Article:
The year was 1947. Less than two years after the end of World War II, Harry Truman was President, The Best Years of Our Lives won the Academy Award for Best Picture, Jackie Robinson broke baseball’s color barrier,and ENIAC, the world’s first electronic digital computer, was turned back on after being shut down for a nine-month refurbishment.
And the Philadelphia Warriors won the championship in the inaugural 1946-47 Basketball Association of America (BAA) season. Following the 1948–49 season (the BAA’s third season of play), the BAA and the National Basketball League merged to form the National Basketball Association (NBA). The Warriors championship is considered the first NBA title.
Eddie Gottlieb coached the Philadelphia five that year and forward Joe Fulks won the NBA’s first scoring crown, averaging 23.2 points per game. Fulks, who joined the Marines in 1943 and served in the the South Pacific, scored 37 points in Game One of the Finals, including 21 in the fourth quarter, to lead the Warriors to an 84-71 win over the Stags. Jumpin’ Joe is #18 in the team picture above.
Philly won the next two games, and wrapped up the series in five when forward Howie Dallmar snapped a tie by nailing a jump shot with less than a minute remaining to give the Warriors the lead for good in an 83-80 victory. Fulks led all scorers with 34 points in the clincher.
Led by Paul Arizin, Neil Johnston and Tom Gola, the Philadelphia Warriors also captured the 1956 NBA championship, beating the Fort Wayne Pistons in five games. Following the 1961-62 season, Wilt Chamberlain and the Warriors moved to San Francisco.
Later renamed Golden State, the Warriors swept the Washington Bullets in the 1974-75 NBA Finals. Hall of Famer Rick Barry averaged 30.6 points per game for Golden State that season.
In addition to their four championships, the Warriors lost three NBA Finals, to the Baltimore Bullets in 1948 while representing Philadelphia, and in 1964 to the Boston Celtics and 1967 to the Philadelphia 76ers, both while playing in San Francisco. Al Attles, a lifelong Warriors guard, played in both Finals and later coached Golden State to the 1975 NBA championship.
If you liked this blog, you might like: The 1947 Holy Cross Crusaders were another great basketball team. Read the SportsLifer – Holy Cross was Once King of Hoops.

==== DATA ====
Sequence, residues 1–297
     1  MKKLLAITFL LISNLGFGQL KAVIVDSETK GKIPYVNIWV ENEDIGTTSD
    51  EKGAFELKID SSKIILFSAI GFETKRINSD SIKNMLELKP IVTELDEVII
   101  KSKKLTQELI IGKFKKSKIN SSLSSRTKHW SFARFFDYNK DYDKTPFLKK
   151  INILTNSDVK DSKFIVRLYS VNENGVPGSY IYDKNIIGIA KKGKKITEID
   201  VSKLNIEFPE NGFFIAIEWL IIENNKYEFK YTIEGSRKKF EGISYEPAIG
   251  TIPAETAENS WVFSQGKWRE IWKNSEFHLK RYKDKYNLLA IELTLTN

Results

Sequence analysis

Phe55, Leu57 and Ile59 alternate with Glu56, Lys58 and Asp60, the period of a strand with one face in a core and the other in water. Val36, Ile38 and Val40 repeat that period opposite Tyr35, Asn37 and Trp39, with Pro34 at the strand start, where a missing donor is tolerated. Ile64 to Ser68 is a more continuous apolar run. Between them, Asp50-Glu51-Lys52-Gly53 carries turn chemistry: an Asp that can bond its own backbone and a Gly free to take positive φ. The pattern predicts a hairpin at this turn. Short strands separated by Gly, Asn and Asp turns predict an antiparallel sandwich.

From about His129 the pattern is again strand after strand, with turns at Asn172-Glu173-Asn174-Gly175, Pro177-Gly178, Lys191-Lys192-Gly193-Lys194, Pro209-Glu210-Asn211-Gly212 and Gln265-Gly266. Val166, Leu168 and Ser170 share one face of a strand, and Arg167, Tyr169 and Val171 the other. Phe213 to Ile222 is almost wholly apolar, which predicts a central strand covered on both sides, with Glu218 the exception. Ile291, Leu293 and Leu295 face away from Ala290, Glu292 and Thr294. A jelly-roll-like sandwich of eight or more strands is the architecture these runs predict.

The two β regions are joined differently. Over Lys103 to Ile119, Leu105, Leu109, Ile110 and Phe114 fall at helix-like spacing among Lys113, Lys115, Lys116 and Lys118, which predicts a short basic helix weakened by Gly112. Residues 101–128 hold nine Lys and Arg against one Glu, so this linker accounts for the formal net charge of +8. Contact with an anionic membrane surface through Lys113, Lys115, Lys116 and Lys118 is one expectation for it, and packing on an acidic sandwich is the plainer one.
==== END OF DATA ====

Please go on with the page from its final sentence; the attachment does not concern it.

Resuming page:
Stephen Matteau, stick raised, celebrates the greatest OT goal in New York Rangers history.
Derek Stepan’s overtime goal the other night propelled the New York Rangers past the Washington Capitals into the Eastern Conference finals. The Game 7 goal was one of the biggest OT tallies in Ranger history. Here are 10 to remember:
1. Matteau, Matteau, Matteau: Stephen Matteau’s wraparound goal early in the second overtime in Game 7 beat Devils’ goalie Martin Brodeur and sent the Rangers to the 1994 Stanley Cup finals, where they would end a fabled 54-year championship drought. The Howie Rose call “Matteau, Matteau, Matteau” lives on in Rangers lore. Matteau also scored a double overtime goal in Game 3.
2. Triple Threat: Bryon Hextall scored an overtime game-winner at the 2:07 mark in Game 6 as the Rangers beat the Maple Leafs, 3-2, to win the 1940 Stanley Cup. Alf Pike in Game 1 and Muzz Patrick in double overtime of Game 5 also scored OT winners as the Blueshirts captured their third Stanley Cup.
3. Cup Winner: Bill Cook became the first player to score a Cup-winning goal in overtime as the Rangers beat Toronto, 1-0, in the 1933 finals. The Rangers would vacate Madison Square Garden for the circus after a first game victory, and took the best-of-five series in four games. Cook was the team’s first captain and was later elected to the Hockey Hall of Fame.
4. Stepan, Stepan, Stepan: Derek Stepan buried a rebound midway through the first overtime and the Rangers knocked out Washington in a tense, seven-game Eastern Conference semifinal in 2015. Each game was decided by a single goal.